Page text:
Poole twins Roger and Harry Carter, as Quakers, would not take up arms to fight in the First World War. They were conscientious objectors.
Some ‘conchies’, in the febrile, patriotic atmosphere of the time, were wrongly dubbed cowards. Roger and Harry were anything but that. The pair joined the Friends Ambulance Unit going across to France and Flanders. One of them, Roger, was gassed in the last months of the war. He survived.
Roger Callaway Carter and Harry Balston Carter belonged to one of Poole’s most influential families. The Carters were the family that founded Carter’s tiles that gave birth to Poole Pottery.
The twins’ grandfather, Jesse Carter, was the son of a bricklayer. He had been born in Winchester, became a bricklayer himself and married a woman called Mary Callaway. A member and sometimes preacher of the strict religious movement, the Plymouth Brethren, Jesse had become a partner in an ironmongery and builders’ merchants company in Weybridge.
But Jesse possessed unusual business acumen. When he visited Poole, he spotted an opportunity. An encaustic tile and brick company on Poole’s East Quay had got into financial difficulties and closed down. Jesse acquired the site and Carter’s Tiles was born.
The Carters moved to Poole, first living at ‘St Aubyn’s’ in Market Street and then at the impressive West End House in St James Close near the parish Church. Built in the 18th century, it had originally been the home of a wealthy Poole merchant who had made his fortune in the Newfoundland trade.
Jesse, a self-made man, began to expand the Carter’s range, producing decorative glazed and painted wall tiles along with the popular red floor tiles. He took three of his sons, Charles, Owen and Ernest into the business, while a fourth, William, took over Kinson Pottery. Ernest, sadly, died of rheumatic fever at the age of 27.
Charles, who had briefly worked at an ironmongery in the High Street that would later become W.E. Boone’s, was sent by his father to work at Weybridge. There, reportedly, he attended a Roman Catholic mass but was ‘disgusted’ by an absurd assertion made by the priest, who had allegedly claimed it was better to commit 1,000 murders than leave the Catholic Church.
Charles, a vegetarian and later evidently attracted to the Quakers, was soon back in Poole. Always close to his brother William, he married William’s wife Eliza’s half-sister, Annie Elizabeth Balston, whose twine-manufacturer father, Alfred, was a radical politician and had been town mayor. Brother Owen, who became a Quaker, later married a third Balston sister.
As the years passed, Jesse became less directly involved in the business. While Owen concentrated on the more artistic, decorative side, Charles became the managing director of Carter’s and later chairman of the pottery company.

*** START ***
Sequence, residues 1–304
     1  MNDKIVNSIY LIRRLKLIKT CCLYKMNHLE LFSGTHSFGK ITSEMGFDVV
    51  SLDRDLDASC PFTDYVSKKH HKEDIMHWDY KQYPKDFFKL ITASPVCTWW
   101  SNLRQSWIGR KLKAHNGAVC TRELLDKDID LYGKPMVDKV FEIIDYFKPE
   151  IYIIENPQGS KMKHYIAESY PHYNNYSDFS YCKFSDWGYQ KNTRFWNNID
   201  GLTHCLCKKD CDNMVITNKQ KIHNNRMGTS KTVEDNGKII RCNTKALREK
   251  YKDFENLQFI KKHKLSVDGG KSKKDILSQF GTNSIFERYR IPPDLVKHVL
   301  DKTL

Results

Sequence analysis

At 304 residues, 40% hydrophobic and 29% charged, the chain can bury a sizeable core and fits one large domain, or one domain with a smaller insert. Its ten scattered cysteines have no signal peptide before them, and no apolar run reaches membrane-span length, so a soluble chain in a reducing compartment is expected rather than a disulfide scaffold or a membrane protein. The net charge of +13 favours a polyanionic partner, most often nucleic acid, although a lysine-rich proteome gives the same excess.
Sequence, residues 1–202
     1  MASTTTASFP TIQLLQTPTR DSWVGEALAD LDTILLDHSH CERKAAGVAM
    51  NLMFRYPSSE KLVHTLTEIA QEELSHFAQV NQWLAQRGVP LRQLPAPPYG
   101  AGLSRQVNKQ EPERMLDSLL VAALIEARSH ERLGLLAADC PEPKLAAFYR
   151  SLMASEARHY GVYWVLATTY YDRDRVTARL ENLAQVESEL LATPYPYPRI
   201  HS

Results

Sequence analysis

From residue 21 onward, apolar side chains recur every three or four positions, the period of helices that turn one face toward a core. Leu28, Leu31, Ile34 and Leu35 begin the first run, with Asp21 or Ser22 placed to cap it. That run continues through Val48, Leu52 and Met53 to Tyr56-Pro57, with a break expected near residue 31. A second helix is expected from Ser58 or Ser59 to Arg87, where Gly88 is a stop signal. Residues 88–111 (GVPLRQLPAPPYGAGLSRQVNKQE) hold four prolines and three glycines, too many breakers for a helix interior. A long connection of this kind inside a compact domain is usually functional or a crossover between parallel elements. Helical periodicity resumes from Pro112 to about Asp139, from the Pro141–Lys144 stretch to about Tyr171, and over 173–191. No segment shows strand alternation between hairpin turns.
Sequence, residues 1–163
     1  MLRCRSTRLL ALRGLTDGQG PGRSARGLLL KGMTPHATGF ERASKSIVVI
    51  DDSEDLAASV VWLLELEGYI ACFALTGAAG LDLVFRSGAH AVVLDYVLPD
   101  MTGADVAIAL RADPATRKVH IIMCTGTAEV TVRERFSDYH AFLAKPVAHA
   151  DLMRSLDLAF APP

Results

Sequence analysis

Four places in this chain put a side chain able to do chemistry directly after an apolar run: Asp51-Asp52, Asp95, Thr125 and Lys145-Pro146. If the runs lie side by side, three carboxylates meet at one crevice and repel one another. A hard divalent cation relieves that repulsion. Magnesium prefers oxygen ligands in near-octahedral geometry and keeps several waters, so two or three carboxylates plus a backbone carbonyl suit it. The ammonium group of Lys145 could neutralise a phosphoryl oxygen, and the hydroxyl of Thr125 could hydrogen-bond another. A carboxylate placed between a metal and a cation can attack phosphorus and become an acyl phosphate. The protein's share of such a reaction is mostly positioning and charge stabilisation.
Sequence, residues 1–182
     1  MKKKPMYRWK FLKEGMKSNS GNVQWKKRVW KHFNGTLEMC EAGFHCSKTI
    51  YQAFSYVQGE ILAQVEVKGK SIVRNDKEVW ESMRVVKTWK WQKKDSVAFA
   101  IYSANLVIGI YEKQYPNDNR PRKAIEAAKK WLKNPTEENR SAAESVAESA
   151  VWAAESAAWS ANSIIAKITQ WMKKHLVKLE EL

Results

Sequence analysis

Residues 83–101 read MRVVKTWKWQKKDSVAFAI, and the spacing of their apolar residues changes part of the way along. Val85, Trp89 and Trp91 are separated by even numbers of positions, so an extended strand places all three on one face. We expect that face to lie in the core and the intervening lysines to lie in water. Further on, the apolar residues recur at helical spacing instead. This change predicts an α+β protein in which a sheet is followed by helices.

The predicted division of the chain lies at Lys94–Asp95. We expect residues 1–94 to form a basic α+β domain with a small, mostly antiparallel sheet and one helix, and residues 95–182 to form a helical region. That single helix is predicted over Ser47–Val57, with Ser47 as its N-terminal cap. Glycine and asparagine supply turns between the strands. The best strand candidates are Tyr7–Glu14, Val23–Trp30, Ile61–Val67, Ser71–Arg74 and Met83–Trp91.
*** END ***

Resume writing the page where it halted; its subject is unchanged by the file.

Charles made a name for himself in the town, too, becoming a Freemason, a senior Poole JP and twice mayor of the borough.
Charles and Annie Carter had four children. First came Charles Cyril Carter, born in 1888. Two years afterwards, on 22 September 1890, twins Roger Callaway and Harry Balston came into the world. A year later Charles’ and Annie’s only daughter, Maude Jessie, was born.
Around this time, the Carters were living in a house called ‘Runnymede’ in Parkstone Road, Poole. In 1901, however, they had moved to ‘Belle Vue’ in Seldown Road. It would remain Charles’ and Annie’s home for the next 30 or so years.
That same year, the 10-year-old twins and their older brother were boarders at Sidcot School, a Quaker school in the village of Winscombe, Somerset. (Its former pupils today include the actor Zoe Wanamaker, Justin Webb of Radio 4’s Today programme and Anthony Waller who directed, amongst others, the film An American Werewolf in Paris.)
Ten years later, the twins, now young men and members of the Society of Friends whose Poole place of worship was in Lagland Street, were back living at Belle Vue. The family had a ‘lady help’ and two servants living with them.
Carter Tiles, by now, had an international reputation and Charles’ three sons all joined the family firm. Harry was a ‘clerk’ and Roger ‘under works manager’.
When war broke out in 1914, the twins’ older brother, Charles Cyril, responded to his country’s call. In October of that year he was given the rank of Lieutenant in the 4th Battalion of the Dorsetshire Regiment.
Roger and Harry, both Quakers committed to peace, took a different decision. They declared themselves to be Conscientious Objectors and volunteered to serve instead with the Friends Ambulance Unit.
The Friends Ambulance Unit (FAU) was a khaki uniform-wearing civilian ambulance service set up at the start of the war by a group of Quakers. Over the coming war years its 1,000 members would serve in France and Belgium, as well as at home.